If after the disastrous 2001 Tim Burton Planet of the Apes remake, I were to tell you that the new Apes prequel/reboot trilogy that began with 2011’s Rise of the Planet of the Apes would be one of the more effective and affecting series of genre films ever, you’d have probably laughed in my face. But while that initial Rupert Wyatt directed film may have seemed like a fluke at the time, and Cloverfield director Matt Reeves’ follow up Dawn may have come off a tad heavy handed in the war metaphors and family melodrama departments, Reeves’ new closing chapter, War for the Planet of the Apes, earns its place in the venerated canon of uber serious, ultra nihilistic sci-fi alongside thought provoking classics like A Clockwork Orange and THX 1138, slotting neatly into the sociopolitically conscious milieu of its long standing franchise while standing tall as a singular proclamation on the nature of hate mongering and genocide.
The backbone of these films has been Andy Serkis’ motion capture performance as Caesar, and War is no different. Still haunted by the memory of Koba’s betrayal in Dawn, Caesar’s diminished forces run afoul of a group of human survivors splintered from their main opposition due to the extreme views and actions of their leader, a maniacal despot known only as The Colonel (a somewhat subdued and chillingly intense Woody Harrleson). Harrelson here channels his own Mickey Knox by way of Marlon Brando’s Colonel Kurtz, but that’s not the only Apocalypse Now connection, as Caesar’s doomed revenge mission to the Colonel’s compound (a former weapons depot on the California border) has a strong Heart of Darkness vibe, the endeavor’s only shred of hope found in the form of a young female human survivor his cadre take under their wing who will come to be known as “Nova” (Amiah Miller), and an unhinged but loyal companion known only as “Bad Ape” (Steve Zahn), whose upbringing in a Nevada Zoo mirrors Caesar’s own origins.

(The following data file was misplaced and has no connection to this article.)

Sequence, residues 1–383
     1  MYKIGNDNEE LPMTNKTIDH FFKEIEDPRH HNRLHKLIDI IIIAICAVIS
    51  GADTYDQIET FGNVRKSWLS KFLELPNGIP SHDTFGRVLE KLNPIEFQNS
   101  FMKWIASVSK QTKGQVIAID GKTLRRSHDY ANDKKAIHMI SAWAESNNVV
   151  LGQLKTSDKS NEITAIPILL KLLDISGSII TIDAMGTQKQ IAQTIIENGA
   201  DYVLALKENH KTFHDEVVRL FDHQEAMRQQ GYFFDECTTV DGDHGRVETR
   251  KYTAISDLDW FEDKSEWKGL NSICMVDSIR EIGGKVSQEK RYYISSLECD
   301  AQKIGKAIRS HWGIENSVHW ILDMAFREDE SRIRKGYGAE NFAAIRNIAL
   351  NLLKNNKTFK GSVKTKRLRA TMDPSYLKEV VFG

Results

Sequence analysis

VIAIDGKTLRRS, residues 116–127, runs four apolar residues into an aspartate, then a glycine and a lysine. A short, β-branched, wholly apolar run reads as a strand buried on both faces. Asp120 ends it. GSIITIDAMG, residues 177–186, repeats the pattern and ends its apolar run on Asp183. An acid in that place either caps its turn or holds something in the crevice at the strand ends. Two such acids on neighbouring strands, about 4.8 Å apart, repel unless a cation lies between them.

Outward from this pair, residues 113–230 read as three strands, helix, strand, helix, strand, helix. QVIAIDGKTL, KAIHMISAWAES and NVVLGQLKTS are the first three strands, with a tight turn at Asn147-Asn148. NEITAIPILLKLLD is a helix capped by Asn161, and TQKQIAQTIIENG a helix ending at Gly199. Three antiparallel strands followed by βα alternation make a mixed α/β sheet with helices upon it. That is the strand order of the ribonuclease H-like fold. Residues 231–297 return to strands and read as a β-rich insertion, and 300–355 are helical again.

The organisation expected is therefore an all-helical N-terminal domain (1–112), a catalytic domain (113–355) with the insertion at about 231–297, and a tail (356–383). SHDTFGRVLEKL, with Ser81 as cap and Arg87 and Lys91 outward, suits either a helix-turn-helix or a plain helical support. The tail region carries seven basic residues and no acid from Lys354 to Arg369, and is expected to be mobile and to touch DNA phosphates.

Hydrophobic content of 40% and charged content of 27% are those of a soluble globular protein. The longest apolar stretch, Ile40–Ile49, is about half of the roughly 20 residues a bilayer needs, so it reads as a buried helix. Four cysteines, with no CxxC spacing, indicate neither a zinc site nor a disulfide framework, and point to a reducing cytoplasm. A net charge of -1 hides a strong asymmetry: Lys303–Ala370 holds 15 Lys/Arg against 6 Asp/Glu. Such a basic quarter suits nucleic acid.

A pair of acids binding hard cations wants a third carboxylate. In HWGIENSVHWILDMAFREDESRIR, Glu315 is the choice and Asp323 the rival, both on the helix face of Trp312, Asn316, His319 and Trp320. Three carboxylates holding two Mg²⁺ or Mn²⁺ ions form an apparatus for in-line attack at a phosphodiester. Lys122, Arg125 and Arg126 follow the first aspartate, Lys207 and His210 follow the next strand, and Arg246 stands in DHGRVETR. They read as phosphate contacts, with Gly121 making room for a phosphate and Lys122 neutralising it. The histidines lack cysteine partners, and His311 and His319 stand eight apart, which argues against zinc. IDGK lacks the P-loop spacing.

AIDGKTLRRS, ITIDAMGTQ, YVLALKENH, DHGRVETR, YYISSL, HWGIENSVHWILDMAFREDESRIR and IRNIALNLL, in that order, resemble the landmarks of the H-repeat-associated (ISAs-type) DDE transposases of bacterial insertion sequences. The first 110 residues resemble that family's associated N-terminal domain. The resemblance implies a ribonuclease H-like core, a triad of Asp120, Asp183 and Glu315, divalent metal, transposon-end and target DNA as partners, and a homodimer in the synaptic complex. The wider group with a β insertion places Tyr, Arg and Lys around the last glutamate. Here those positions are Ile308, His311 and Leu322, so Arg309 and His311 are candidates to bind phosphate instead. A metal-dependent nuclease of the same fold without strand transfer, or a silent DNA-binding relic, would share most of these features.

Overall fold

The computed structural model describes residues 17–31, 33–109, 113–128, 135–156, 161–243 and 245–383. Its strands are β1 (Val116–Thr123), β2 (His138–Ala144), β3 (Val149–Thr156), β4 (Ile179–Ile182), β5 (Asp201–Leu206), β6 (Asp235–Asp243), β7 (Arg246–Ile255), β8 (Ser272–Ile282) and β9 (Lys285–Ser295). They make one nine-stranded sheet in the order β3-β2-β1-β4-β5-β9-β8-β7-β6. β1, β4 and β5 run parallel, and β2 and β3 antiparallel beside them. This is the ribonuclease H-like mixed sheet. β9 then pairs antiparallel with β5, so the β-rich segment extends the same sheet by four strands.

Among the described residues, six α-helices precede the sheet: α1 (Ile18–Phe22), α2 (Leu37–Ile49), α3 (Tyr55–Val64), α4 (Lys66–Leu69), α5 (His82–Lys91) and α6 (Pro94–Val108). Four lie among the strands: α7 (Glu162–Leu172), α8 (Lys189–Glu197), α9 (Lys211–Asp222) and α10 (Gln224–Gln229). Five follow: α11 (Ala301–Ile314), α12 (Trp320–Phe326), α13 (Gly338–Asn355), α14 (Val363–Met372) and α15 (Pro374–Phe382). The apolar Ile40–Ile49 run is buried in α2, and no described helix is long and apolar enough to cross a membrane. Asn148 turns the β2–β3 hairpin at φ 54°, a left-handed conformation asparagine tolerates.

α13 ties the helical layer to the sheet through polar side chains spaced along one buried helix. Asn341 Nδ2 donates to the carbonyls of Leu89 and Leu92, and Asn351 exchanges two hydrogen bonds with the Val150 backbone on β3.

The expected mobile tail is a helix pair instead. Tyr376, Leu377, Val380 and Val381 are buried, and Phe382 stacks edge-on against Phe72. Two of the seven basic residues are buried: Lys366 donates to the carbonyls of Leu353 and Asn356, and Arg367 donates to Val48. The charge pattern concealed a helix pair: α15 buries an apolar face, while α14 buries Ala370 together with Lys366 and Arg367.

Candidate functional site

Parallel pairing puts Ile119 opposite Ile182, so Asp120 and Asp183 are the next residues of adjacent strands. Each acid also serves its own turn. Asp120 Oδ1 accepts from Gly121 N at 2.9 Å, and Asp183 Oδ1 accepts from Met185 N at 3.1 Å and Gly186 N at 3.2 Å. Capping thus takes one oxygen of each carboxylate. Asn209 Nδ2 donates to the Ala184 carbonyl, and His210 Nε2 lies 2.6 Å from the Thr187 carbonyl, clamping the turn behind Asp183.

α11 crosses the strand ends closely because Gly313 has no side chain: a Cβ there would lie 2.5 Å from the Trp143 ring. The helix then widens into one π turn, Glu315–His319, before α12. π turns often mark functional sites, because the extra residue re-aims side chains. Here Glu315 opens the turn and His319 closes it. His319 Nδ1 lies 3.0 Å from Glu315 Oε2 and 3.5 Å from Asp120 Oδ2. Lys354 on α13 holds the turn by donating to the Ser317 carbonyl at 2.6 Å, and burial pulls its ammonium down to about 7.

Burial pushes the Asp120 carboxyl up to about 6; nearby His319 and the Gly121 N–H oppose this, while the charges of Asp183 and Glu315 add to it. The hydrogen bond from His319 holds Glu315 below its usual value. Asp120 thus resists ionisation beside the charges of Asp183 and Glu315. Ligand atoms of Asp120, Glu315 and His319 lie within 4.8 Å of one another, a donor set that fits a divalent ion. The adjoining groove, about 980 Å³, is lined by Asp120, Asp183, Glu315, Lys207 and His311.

Admittedly light on plot, War is a master class in tone and performance, performances made even more remarkable by the fact that 90% of the film’s principal cast is made up of completely seamless CGI. It’s also worth noting that the film is absolutely worth seeing in 3D, devoid of the typical “comin atcha” gimmickry and employed almost exclusively to give depth to the ruined beauty of the film’s rustic post apocalypse. Not that War allows its technical wizardry to overshadow what we would normally refer to as its “human drama”, and though plenty of action scene badassery does abound, the stakes are made all the more real by how invested in Serkis’ plight we’ve become over the course of these three films. And that really is what makes War so remarkable in hindsight. Though the third installment in most trilogies tends to be their weakest (Star Wars, Back to the Future), War for the Planet of the Apes is a masterpiece in its own right, but also single handedly strengthens its trilogy as a whole into one that should serve as a template for thinking man’s franchise blockbuster filmmaking for decades to come.